We loved the sound of the Blackened Salmon Salad and were not disappointed. The charred salmon was perfectly cooked and flaked on a bed of juicy avocado, leaves and crunchy corn. And don’t miss out on the Sweet Potato Fries, which were sweet, satisfying, and a decent portion at that.


Butternut Squash Tacos on the left and Chicken Tinga on the right


Sweet Potato Fries

Whether you fancy a quick bite or a pre-concert dinner (Bush Hall is only a few doors down and Shepherds Bush Empire is down the road), Habanera is a must-visit. The team at Habanera also own The Hummingbird Café which I hope to visit soon! I’ll keep you all posted 🙂

£50 for 2 people including service and drinks

280 Uxbridge Road, W12 7JA.

Masterchef leads me to Lakeland


Did any of you watch the latest season of Celebrity MasterChef? If you didn’t get the chance, it’s worth catching the last two episodes on BBCiPlayer.

I don’t usually watch the celebrity version but this season has been pretty inspiring, not to mention mouth-watering. They make it look so easy. You almost forget that such intricate and delicious-looking dishes have been created under time constraints. Luckily for me, I’m not timed when making dinner chez moi. Otherwise there would be a lot of stress and flapping about. Before you ask me who my favourite chef was, I actually loved the final four pretty equally though Rylan had to be the most entertaining. He seemed so genuine and always pushed himself to the limit (remember his trio of lavender?)

Sadly, even with 3D TV’s, we can’t actually indulge in the lip-smacking soufflés and melt-in-the-mouth risottos so the presentation of the dishes is key for us audience members. Yeah I know the saying is “Don’t judge a book by its cover” but when it comes to food, it’s all the more impressive when it resembles art.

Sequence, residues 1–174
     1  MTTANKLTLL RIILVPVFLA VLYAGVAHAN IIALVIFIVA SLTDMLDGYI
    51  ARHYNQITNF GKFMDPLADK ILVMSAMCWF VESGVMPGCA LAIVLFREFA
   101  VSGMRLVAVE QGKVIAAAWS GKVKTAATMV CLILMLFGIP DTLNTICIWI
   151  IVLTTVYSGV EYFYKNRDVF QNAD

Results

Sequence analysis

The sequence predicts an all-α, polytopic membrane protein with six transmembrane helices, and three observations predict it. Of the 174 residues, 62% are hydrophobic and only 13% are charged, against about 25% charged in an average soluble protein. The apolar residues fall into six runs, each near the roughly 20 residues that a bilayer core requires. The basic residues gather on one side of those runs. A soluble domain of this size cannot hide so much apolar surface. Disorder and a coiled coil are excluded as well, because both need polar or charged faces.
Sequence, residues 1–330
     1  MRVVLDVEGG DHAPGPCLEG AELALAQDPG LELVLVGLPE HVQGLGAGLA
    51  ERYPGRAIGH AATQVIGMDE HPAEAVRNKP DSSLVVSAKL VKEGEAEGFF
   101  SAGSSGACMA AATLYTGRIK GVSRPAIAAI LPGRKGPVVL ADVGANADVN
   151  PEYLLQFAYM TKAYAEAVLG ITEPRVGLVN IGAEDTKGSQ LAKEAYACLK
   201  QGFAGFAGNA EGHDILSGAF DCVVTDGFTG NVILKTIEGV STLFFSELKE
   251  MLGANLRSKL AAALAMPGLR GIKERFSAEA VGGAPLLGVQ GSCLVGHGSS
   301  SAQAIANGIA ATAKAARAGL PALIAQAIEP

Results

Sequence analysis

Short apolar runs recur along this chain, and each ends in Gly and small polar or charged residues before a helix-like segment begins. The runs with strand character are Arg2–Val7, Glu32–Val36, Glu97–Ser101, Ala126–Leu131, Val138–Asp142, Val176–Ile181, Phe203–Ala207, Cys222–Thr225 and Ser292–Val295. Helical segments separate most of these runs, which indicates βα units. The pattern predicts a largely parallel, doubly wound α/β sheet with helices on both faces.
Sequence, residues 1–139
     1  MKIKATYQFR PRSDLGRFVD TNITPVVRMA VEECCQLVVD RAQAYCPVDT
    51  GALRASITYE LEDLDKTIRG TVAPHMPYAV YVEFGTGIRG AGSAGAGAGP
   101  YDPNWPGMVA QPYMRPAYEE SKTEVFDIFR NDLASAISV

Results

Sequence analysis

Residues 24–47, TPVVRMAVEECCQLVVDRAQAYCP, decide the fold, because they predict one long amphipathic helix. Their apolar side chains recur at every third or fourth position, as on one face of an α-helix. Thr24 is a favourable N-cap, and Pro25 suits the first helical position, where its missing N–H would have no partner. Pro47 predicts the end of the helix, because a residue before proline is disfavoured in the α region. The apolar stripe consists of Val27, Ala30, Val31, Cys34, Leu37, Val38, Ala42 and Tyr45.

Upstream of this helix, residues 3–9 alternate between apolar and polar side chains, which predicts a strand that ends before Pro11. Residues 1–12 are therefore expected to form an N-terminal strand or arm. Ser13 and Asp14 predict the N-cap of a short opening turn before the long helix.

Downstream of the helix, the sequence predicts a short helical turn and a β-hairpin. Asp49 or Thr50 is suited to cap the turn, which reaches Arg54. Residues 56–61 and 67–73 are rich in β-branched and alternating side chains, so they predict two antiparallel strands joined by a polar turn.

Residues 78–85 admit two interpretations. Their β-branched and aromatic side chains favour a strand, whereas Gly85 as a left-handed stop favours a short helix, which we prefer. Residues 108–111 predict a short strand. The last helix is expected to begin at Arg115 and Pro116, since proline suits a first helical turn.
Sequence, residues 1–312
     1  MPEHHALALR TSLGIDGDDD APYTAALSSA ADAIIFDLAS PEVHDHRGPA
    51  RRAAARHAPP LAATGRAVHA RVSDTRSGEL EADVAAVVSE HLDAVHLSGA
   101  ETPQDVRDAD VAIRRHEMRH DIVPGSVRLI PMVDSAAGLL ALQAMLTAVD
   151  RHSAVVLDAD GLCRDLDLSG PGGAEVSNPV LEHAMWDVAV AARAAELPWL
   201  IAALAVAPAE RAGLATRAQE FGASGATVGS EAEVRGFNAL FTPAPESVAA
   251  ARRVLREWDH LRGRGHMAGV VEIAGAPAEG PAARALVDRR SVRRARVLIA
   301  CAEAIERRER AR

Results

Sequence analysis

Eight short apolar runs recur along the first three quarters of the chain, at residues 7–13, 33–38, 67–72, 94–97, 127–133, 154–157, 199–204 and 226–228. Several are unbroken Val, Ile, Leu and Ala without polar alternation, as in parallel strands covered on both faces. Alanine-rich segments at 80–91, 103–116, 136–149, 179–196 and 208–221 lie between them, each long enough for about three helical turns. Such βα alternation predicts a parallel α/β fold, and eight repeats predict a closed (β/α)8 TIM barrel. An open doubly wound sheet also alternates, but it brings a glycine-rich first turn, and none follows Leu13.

To be fair, they do have access to countless utensils like those handy cooking rings, which always make the presentation perfect. You know the ones that kind of look like cookie cutters but are used instead to create savoury food towers. I was, of course, compelled to buy myself some of the kitchen gadgets featured in the program.


So today I paid a visit to Lakeland, the dream shop for chefs and bakers alike. The shop has everything you could possibly need (or simply want) in the realm of kitchenware. I wish I could have bought the whole store but I had to limit myself to just a few essential purchases.I walked away with four large cooking rings, a toastamesh (perfect for students who want to make toasties quickly and cheaply without a sandwich maker) and eight traditional floral ice cream cups (did I mention I have an ice cream maker?) Oh and a long wish list.

Okay maybe not so essential… 


Keep following Spill The Beans to see these purchases in action!